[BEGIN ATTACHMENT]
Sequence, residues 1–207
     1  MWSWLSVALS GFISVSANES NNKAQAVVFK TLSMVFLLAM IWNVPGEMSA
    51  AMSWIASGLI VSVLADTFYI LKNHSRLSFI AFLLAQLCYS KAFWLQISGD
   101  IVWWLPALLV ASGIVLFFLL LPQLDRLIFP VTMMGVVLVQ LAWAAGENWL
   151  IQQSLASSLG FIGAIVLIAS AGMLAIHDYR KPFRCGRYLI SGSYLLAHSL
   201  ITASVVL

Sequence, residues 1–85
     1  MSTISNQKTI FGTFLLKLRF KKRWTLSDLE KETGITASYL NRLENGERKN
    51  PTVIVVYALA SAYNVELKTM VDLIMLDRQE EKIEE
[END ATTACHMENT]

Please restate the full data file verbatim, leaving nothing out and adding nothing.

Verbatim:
Sequence, residues 1–207
     1  MWSWLSVALS GFISVSANES NNKAQAVVFK TLSMVFLLAM IWNVPGEMSA
    51  AMSWIASGLI VSVLADTFYI LKNHSRLSFI AFLLAQLCYS KAFWLQISGD
   101  IVWWLPALLV ASGIVLFFLL LPQLDRLIFP VTMMGVVLVQ LAWAAGENWL
   151  IQQSLASSLG FIGAIVLIAS AGMLAIHDYR KPFRCGRYLI SGSYLLAHSL
   201  ITASVVL

Sequence, residues 1–85
     1  MSTISNQKTI FGTFLLKLRF KKRWTLSDLE KETGITASYL NRLENGERKN
    51  PTVIVVYALA SAYNVELKTM VDLIMLDRQE EKIEE